Frank McKinney, NY Times best-selling author, was inspired by the biblical passage, “from those to whom much is entrusted, much will be expected” when he wrote The Tap (Health Communications, Inc.). He’s a businessman who believes heart and soul that we’re judged not on what we accumulate or achieve through life but more on our spirit of generosity towards others. In his inspirational book, he shares how God’s great ‘tap’ moments in life prove that compassionate capitalism and spiritual stewardship can co-exist.

Frank McKinney is a successful
real estate entrepreneur. He generously donates significant amounts of money to his non-profit, Caring House Project Foundation (CHPF) that provides a self-sustaining existence for desperately poor and homeless families around the world. He credits his astronomical success to his deep faith and accompanying spiritual principles. He believes that God ‘taps’ each and every one of us many times in life, answering prayers and presenting life-changing opportunities.

I got chills listening to Frank speak and feel so much more aware of my need to give back more for all my blessings. I know I was ‘tapped’ to start my Project Self-Empowerment. Frank takes what I wrote in my last post, Law of Attraction in Action: Charity to a much higher level. He truly believes that our blessings are to be shared with others and that in turn attracts many more blessings. The synergy is bountiful when you use it with compassion for others and take action instead of just talking about it. Here’s what he had to say:

What gave you the balls to leave home with $50 and no higher education? Ignorance. I was heading down a path that only a juvenile delinquent can forge at 18. I felt a need for a change of venue from Indianapolis in 1982. What better place to land than West Palm Beach in south Florida? I began to seek my professional highest calling.

How did you get into real estate? In1986, I was earning a 6-figure income teaching tennis, but there was a limit to how many hours I could bake out in the sun. I saved up my money and bought my first piece of property—a $35,000 fixer upper in a bad part of town. When I sold it I made $7,000. It could have been Monopoly money. I proved that my concept worked—buying an undervalued property and adding value to it like nobody else and marketing it like nobody else.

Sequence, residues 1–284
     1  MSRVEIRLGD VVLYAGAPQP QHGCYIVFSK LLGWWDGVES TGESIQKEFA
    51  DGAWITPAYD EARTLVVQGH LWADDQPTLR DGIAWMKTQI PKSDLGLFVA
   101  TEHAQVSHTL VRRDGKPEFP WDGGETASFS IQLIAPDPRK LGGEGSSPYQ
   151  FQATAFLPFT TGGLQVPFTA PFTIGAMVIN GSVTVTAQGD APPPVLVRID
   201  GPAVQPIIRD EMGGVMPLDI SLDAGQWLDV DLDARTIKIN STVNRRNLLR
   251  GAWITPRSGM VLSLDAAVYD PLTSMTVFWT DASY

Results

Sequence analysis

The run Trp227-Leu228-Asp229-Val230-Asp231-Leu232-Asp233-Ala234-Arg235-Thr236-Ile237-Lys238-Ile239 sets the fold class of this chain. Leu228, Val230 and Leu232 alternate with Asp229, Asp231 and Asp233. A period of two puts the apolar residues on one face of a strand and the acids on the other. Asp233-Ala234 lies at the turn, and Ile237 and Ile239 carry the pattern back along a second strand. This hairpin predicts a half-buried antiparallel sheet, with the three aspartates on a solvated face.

From my professional highest calling standpoint, that was an epiphanous moment—knowing I could do it. While I’ve added zeroes to it now, I still do what I did 25 years ago. After 5 years I finally got the courage to move to the ocean front and start building beautiful homes with a lot more zeroes. That was a quantum leap but the application wasn’t too different from that first fixer upper.

How have you been able to do so much? I am a simpleton—a very linear thinker. This year I wrote 3 books and released them at the same time. I break things down into very simple compartments and don’t overcomplicate things or do a lot of research online, rationalize or over plan it. We as a species inherently, in the information age we live in today, over-research, over-Google, to the point that subconsciously we’re looking for a reason to say no to things. I’m a do-er, not a talker. Action cures fear. Lack of action feeds fear. The fear tends to subside when we take action.

What helped you to continue taking risks? I have a life mantra that’s also a chapter title in The Tap: Exercise your risk threshold like a muscle and eventually it becomes stronger and is able to withstand greater pressure. I got to where I am today—taking big risks that make people ask how I sleep—by exercising my tolerance for risk at a young age and building up that fear muscle. I’m afraid every day of my life but don’t let it stop me. I embrace and enjoy it. It’s a part of my DNA now. It makes me feel very alive when I’m doing something that causes fear.